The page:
A complete culture change in Beitar Jerusalem

Beitar’s new owner Hogeg, along with Levy and Benayoun among others, has transformed the club.

By JOSHUA HALICKMAN
August 14, 2019 22:17
4 minute read.
BEITAR JERUSALEM looks like a whole new team – both on and off the pitch

BEITAR JERUSALEM looks like a whole new team – both on and off the pitch – after a number of personnel changes, from the club’s owner to executives to players, and improved results are bound to follow.. (photo credit: DANNY MARON)

Beitar Jerusalem is taking the relatively insignificant Toto Cup seriously, explained both coach Roni Levy and goalkeeper Itzmar Nitzan following the yellow-and-black’s 1-1 draw against Ashdod SC this week. 

In fact, Beitar has been taking everything about the upcoming 2019/20 campaign with the highest regard –not just on the pitch but off it as well.

There is a renewed air of professionalism throughout the club from the top to bottom, and much of the credit for that goes to owner Moshe Hogeg, who took over the reins last season. 

From the players’ dress when they leave the stadium following a game – making sure to wear one of their sponsor’s shirts to the facilities – to the GPS trackers the players are wearing, Beitar is a changed club.

However, it’s not just the players that have been effected, but rather the entire culture of the club, including Hogeg’s no-nonsense stance against the racism that has run rampant throughout the team’s so-called fan groups over the past decade. 

Hogeg has stated unequivocally that there will be no such tolerance for this type of behavior. The hi-tech start-up guru has brought his approach from the business world to the soccer field and that’s a good thing.

Hogeg founded Mobli, a social mobile photo and video sharing website, in 2009 and today is the CEO of Sirin Labs. With his keen business acumen, there is no question that Beitar is in good hands, hands that understand the way of the world as we near 2020.

Yossi Benayoun was brought on to serve as Beitar’s sports director after retiring from active play last season. The “Diamond from Dimona” has years of experience at the highest levels from Liverpool, Chelsea and Arsenal to Maccabi Tel Aviv, where he also observed Jordi Cruyff change the culture of a club with the help of owner Mitch Goldhar. 

Benayoun knows exactly what needs to be done to bring Jerusalem up to speed and compete with the top clubs, not only in Israel but Europe as well.

Levy returned to Israel after a spell in Cyprus for the third time in his career, but this time around it’s a whole new ballgame, with the likes of Hogeg and Benayoun backstage, as well as Eli Ohana, one of the club’s former stars and coaches who now serves as its president.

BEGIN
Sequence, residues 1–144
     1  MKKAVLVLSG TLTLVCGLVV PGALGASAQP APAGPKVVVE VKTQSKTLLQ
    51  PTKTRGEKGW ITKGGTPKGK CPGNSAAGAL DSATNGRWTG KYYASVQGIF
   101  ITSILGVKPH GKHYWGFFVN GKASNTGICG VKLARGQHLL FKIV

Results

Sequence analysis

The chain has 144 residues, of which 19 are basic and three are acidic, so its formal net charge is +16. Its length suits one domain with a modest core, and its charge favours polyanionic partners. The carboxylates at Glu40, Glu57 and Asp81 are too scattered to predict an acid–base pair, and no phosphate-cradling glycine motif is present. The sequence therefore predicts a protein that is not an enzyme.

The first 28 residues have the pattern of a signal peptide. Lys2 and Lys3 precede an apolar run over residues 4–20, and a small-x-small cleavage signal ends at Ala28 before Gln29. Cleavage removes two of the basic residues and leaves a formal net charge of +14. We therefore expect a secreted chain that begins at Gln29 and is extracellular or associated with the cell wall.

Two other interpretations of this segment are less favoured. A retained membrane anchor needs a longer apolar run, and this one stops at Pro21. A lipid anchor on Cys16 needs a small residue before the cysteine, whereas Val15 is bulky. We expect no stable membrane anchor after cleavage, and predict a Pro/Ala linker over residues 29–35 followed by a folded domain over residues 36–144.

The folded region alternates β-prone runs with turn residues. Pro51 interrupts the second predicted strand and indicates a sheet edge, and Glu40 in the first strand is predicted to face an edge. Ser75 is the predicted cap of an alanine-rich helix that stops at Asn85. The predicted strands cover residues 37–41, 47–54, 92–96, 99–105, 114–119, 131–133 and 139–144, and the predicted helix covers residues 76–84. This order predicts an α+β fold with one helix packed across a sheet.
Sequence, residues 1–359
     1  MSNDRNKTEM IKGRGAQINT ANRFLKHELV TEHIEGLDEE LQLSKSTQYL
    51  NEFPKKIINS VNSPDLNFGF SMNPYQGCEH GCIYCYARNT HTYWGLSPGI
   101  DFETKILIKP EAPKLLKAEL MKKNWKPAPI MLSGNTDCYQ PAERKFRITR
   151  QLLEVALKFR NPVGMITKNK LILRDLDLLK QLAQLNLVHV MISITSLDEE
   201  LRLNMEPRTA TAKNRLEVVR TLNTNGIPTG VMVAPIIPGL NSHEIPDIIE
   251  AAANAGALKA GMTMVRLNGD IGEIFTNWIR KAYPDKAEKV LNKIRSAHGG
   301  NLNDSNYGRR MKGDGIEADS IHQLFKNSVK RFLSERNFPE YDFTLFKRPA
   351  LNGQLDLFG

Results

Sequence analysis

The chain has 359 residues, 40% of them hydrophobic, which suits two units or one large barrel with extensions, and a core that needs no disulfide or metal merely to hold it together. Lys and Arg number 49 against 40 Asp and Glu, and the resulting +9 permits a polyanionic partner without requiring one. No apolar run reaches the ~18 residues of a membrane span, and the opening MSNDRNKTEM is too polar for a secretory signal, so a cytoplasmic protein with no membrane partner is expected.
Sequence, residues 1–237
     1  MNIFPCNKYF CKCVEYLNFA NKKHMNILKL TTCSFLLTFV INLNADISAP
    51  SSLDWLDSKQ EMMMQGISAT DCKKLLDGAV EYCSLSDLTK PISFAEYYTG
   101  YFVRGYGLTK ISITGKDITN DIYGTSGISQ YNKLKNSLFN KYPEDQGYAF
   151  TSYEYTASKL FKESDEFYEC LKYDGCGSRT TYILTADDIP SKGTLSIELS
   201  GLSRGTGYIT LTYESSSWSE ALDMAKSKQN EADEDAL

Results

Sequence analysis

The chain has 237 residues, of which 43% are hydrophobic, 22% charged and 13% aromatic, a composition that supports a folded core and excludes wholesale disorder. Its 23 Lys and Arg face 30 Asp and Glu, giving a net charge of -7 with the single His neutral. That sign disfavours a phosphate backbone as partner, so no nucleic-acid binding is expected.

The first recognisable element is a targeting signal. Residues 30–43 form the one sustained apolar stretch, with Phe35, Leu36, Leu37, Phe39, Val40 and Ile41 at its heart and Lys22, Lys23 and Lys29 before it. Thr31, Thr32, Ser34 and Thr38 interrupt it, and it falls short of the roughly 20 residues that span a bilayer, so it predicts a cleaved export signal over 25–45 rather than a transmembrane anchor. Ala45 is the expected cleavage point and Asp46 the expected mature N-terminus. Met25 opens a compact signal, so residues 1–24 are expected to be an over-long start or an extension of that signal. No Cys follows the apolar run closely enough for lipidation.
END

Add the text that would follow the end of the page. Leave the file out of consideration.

Levy now has the backing and the tools to take Beitar back to its glory days.

Moni Barush was appointed CEO of Beitar when Hogeg completed the purchase of the club and comes to the soccer world after many years of television and media experience, most recently at Channel 20. 

As well, a new press officer was also named, with Assaf Nachum – who had been with Ma’ariv Online – was handed the post as Oshri Dudai, who had been in the role for a number of years, was promoted to become the club’s full-time manager.

It’s clear that Hogeg is laying the foundation for Beitar to reach the success that he has come to expect in the hi-tech world, but that also means he will want to see results on the pitch, and that’s why this year’s Toto Cup has taken on a heightened significance for Beitar.

Historically, the Toto Cup has been looked at by many clubs as an unimportant tournament that helps get the players in shape while coaching staffs can test players and formations to see what they will use over the course of the upcoming league season. 

Maccabi Tel Aviv was the first team to change the attitude of its importance, as the yellow-and-blue management has always maintained that it is looking to win each and every title available to the club over the course of the season. Beitar has now bought into that same winning mentality, one that will go a long way as the club’s culture continues to evolve for the better.

Levy explained that the Toto Cup is certainly crucial to the team’s preseason preparation, but it also sets the tone for the upcoming campaign.  For example, Jerusalem defeated Hapoel Tel Aviv and then made six changes to the starting lineup that featured against Ashdod just a few nights later. The reason so many different players were used was clear; there are plenty of new faces and Levy must see how the puzzle will come together as he goes into the season. 

However, Levy also spoke about the respect he has for the competition itself after Beitar punched its ticket to the semifinals.

Nitzan also talked about how winning the cup would give Jerusalem a boost for the league season. With Hapoel Beersheba looming as not only Beitar’s opening league game but also its Toto Cup semifinal opponent on Sunday night, the ’keeper was asked which game he would prefer to win, to which he said, “I prefer to win every match.” 

With that attitude firmly entrenched throughout the club, Beitar Jerusalem will go a long, long way.


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